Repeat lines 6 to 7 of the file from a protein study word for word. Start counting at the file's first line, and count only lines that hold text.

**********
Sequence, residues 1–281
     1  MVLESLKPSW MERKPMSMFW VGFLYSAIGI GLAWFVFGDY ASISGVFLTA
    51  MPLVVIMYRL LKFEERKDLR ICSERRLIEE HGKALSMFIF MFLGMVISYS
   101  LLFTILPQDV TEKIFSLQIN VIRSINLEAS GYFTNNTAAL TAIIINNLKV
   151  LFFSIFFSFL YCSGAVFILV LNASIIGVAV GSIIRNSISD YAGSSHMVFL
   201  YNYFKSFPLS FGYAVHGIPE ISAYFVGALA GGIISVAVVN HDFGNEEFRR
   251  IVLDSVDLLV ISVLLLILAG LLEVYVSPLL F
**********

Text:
   201  YNYFKSFPLS FGYAVHGIPE ISAYFVGALA GGIISVAVVN HDFGNEEFRR
   251  IVLDSVDLLV ISVLLLILAG LLEVYVSPLL F